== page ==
I ran into an interesting problem yesterday. All I wanted to do was some simple tokenizing of a partial HTML document, an HTML fragment (it was article content from the website I work on) based on certain elements. At first it seemed like a really simple string manipulation thing, but quickly blew out of proportion into something crazy.
I’ve spent almost a full year with my LG Windows 7 smartphone now, so here is my look back on that year.
Recently, after an Apple Terms of Service change the Audible and Amazon Kindle apps had to update their apps removing links to their respective online stores. I’m assuming this is to force people to use the iTunes and iBooks stores instead. I think this is anti-competitive in its own right, but there is another problem I see for Apple here…
Apple has deliberately ruined the user experience for me on their devices! I can now buy books easier on other devices than I can on the iPad.
I do not feel compelled to use Apples stores instead because I already use these other services.
I wonder if this will ever cause people to stop using Apple products?
Remember back in the days of the browser wars? We chose a browser and that was what defined our web experience. In the end Microsoft won with Internet Explorer. They had the desktop marketshare and IE was integrated into the OS to the point that it was (arguably) the fastest and easiest to use. Eventually sites were just built for IE only, or Netscape Navigator only. But a new browser war is forming. In these “modern times” the web browsers are integrated into the phone’s OS as IE was with Windows 95, and we pretty much live with them the way they are: Safari on iPhone, whatever is labeled “Browser” on the Android and BlackBerry, Internet Explorer on Windows Phone, etc.. But a new battle for browser market-share is forming with Opera and Mozilla drawing battle lines.
When a programmer is bored he sometimes over-engineers and under-designs a project. We adopt an attitude like “well, if I have to do this in VS2005 and .NET 2.0 I may as well implement a service-locator and message bus and use all that technology I wanted to learn.
Larry Wall truthfully said the best virtues for a programmer are laziness, impatience and hubris. Sometimes you ignore these virtues when you get bored, you start to do stuff you know you shouldn’t, and your laziness doesn’t balance your hubris.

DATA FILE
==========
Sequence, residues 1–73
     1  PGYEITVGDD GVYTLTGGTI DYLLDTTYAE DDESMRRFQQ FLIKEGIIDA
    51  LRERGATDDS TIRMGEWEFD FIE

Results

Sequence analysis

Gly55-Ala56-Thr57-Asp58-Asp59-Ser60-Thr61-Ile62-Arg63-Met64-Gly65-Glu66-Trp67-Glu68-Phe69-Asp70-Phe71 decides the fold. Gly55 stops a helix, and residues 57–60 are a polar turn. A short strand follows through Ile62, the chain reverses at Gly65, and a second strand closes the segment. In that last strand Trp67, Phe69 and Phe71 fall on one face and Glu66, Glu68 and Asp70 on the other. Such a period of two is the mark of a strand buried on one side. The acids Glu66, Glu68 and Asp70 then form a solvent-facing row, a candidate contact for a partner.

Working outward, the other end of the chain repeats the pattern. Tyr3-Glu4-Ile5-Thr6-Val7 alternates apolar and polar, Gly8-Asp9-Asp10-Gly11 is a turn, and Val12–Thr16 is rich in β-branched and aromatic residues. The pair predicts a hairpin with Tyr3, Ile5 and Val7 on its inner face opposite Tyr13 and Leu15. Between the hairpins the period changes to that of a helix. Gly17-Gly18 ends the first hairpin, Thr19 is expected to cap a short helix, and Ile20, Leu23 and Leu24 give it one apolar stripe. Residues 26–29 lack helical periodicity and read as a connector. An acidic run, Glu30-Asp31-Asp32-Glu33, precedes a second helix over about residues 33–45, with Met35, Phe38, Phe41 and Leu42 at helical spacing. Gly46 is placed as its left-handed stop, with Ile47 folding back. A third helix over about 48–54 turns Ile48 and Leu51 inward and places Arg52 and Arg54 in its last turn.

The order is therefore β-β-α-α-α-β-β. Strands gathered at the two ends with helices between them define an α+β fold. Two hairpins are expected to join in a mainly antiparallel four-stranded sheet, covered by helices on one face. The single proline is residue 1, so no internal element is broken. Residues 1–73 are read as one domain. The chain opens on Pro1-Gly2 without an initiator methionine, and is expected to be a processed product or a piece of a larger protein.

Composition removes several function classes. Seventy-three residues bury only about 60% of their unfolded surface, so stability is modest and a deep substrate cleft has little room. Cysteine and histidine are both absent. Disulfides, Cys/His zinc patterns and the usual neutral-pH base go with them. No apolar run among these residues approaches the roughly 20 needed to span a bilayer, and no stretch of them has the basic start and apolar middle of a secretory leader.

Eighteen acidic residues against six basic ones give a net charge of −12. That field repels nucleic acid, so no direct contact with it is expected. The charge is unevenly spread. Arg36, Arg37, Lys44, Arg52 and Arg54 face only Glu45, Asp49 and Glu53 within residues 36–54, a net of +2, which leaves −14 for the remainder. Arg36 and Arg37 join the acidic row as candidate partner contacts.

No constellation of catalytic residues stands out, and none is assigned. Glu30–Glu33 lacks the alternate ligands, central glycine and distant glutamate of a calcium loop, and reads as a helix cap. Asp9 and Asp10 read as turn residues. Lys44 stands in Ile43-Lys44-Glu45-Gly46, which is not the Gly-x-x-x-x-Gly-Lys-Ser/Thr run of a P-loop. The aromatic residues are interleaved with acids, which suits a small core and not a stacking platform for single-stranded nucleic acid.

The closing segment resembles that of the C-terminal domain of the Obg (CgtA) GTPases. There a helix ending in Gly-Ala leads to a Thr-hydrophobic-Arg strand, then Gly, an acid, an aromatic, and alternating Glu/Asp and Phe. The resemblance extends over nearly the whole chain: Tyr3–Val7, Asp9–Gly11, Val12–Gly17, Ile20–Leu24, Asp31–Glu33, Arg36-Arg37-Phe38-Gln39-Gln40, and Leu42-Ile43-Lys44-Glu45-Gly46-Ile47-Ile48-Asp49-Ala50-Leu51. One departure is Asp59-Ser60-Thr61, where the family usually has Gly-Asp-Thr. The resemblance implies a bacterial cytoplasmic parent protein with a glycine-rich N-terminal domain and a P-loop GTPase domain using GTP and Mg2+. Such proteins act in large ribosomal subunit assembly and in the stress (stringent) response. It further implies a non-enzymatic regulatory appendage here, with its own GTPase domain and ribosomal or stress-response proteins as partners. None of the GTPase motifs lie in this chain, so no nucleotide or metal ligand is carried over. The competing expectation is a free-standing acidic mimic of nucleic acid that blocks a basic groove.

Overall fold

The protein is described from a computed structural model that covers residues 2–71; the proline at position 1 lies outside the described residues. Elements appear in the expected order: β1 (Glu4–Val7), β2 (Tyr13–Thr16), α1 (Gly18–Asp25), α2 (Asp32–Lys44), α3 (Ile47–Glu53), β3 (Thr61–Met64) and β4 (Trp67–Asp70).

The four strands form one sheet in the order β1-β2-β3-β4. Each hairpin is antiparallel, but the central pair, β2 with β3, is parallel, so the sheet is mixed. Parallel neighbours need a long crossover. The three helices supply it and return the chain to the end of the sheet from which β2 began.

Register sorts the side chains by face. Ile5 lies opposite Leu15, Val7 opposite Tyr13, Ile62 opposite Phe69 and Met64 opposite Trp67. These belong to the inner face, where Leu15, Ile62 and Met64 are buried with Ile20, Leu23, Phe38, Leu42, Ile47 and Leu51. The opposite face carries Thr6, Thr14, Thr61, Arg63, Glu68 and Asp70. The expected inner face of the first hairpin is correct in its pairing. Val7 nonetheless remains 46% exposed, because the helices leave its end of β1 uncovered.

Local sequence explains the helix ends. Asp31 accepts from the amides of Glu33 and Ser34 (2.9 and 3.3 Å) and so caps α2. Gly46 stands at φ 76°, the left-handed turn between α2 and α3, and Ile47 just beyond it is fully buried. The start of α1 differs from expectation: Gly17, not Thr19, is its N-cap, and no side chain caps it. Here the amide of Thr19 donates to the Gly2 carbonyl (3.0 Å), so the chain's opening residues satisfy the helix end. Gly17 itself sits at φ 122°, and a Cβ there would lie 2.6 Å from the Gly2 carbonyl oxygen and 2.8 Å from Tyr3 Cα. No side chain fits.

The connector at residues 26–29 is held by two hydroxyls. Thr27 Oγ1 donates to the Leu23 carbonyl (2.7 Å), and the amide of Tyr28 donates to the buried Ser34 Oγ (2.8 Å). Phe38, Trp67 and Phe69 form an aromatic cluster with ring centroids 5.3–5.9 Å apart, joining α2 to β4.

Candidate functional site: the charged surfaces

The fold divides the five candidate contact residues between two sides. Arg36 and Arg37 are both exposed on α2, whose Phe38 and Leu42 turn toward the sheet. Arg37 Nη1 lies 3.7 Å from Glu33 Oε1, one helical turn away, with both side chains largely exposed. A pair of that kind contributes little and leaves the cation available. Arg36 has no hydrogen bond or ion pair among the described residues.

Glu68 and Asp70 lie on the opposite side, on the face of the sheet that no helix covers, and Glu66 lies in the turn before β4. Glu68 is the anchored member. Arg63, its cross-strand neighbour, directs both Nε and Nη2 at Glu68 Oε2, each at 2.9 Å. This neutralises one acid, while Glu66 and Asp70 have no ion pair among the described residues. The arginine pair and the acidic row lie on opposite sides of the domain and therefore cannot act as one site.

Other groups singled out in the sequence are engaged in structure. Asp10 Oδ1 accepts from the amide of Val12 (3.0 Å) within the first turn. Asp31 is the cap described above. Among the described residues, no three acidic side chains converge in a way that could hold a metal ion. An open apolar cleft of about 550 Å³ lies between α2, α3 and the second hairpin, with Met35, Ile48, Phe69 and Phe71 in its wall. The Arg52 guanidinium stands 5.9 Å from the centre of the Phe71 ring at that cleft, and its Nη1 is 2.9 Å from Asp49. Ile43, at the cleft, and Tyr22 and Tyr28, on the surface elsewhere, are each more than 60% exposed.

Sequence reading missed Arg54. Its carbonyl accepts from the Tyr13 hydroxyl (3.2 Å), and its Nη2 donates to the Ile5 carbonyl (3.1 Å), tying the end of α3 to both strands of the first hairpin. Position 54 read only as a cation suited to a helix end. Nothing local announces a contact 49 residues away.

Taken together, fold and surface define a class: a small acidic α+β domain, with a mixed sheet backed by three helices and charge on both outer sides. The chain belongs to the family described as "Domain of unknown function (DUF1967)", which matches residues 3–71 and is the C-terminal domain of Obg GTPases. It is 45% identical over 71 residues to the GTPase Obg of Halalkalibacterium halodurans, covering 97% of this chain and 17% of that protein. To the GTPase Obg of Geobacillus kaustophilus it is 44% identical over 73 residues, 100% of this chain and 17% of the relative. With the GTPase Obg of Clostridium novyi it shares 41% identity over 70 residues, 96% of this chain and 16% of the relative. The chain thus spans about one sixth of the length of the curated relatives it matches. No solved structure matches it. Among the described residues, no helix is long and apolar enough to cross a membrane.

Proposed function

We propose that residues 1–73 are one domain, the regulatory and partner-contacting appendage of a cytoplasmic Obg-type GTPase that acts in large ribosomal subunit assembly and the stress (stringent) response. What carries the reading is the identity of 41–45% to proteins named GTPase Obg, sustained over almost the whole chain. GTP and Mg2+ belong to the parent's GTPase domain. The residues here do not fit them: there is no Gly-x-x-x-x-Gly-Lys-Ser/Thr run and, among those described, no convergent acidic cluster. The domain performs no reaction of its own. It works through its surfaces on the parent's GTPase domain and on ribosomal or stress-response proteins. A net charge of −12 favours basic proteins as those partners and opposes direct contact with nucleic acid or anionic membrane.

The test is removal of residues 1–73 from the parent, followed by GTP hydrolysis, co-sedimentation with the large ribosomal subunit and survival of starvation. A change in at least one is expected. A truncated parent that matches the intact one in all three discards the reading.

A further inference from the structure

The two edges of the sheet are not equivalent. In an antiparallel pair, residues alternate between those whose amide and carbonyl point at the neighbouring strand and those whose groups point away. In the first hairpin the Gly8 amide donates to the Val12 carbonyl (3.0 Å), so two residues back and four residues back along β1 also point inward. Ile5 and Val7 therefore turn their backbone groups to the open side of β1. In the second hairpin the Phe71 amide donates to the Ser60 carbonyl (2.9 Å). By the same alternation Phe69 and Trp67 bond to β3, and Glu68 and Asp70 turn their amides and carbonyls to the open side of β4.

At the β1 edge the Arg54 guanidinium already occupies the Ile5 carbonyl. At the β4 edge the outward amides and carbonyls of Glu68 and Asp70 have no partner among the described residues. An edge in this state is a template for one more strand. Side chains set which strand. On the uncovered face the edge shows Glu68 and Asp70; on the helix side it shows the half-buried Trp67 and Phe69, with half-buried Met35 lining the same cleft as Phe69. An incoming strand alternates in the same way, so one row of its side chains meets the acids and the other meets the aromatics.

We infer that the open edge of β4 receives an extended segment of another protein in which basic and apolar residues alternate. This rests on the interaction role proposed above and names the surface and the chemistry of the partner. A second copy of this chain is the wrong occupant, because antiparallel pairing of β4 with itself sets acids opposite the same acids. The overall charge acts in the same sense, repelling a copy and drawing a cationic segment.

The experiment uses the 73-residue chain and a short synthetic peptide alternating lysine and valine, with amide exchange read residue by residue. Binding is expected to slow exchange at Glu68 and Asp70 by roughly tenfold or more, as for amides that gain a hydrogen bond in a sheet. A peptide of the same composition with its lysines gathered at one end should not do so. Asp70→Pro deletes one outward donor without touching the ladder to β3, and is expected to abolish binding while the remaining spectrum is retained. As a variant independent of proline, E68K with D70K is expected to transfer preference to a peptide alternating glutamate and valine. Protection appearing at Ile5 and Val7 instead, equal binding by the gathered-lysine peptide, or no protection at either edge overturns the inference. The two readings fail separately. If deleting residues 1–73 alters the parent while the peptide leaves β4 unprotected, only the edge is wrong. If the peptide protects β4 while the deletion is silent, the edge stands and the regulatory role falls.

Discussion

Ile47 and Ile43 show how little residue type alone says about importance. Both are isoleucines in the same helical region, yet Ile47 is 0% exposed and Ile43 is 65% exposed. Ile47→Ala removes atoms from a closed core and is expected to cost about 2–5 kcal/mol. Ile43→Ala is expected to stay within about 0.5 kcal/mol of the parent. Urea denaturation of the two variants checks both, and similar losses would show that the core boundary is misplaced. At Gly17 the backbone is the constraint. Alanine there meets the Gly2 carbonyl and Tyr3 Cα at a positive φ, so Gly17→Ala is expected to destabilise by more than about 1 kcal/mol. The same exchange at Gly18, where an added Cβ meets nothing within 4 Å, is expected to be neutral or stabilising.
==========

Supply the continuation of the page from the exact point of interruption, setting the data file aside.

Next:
My new virtue that I’m going to work hard on is, ironically, laziness. KISS is the new methodology for me to follow: Keep It Simple, Stupid for design, YAGNI: You Aren’t Gonna Need It for architecture.
So Microsoft released Windows Phone 7 last week. I’ve talked about the phone before. I was pretty disappointed with their ads though:
YouTube: Season of the Witch
I’m baffled. The way the ad looks to me someone was texting while driving and almost killed everyone in the commercial! And then everyone is too busy texting about it to notice each other…
It’s time for a phone to save us from our phones is the big take-away line. The problem I see with this ad is that it condemns all phones as causing accidents and distracting people.
Microsoft: people love using their phones! I do, even my lousy Storm. Phones are distracting because they’re good. Sell me a phone I want to use and does the things I need. In a way, I think that is what you’re saying, but I’m seeing something different.
I downloaded the latest Internet Explorer 9 beta this morning and ran it against html5test.com, and it scored 96 points out of 300. Chrome gets 231 points and even Firefox 3.6 gets 139 (4.0 beta gets 215).
I’m more than a little disappointed. It looks like Internet Explorer is going to continue the tradition of obsolescence and suckage.
Chrome has been my default browser for a long time, and I’m glad that it is! The new IE9 is fast, but that is probably because it doesn’t do anything yet.
Here is hoping that the IE9 team brings in more adoption before IE9 releases.
Yesterday I saw a preview of a Windows Phone 7 (WP7, or #WP7 on Twitter) when Joey deVilla and John Bristowe were in town for a one day coffee and code at a Second Cup in downtown Edmonton.
I’m not going to do a big preview of the phone, I didn’t get that kind of access. I tried out a demo phone running Windows Phone 7 software. Engadget did a great preview with lots of details. Is Windows 7 going to kill the iPhone? I really doubt it. Will it kill Android? I think its likely to take a lot of market from Android, but I’ll talk about that later.
I’m not interested in Apps. WP7 will have Twitter apps, and has Facebook integration built in. Probably a lot of the popular iPhone and Android software will eventually get ported over to WP7. As a web developer I am most interested in the web browsing experience, and it looked pretty good. Continue reading
I was probably the most skeptical person out the when Steve Jobs was making the announcement about his “magical” iPad. In this day and age you can’t take any salesman seriously when he uses that kind of language. But when I saw one in action surfing the Internet the other day I started to see the potential of the platform.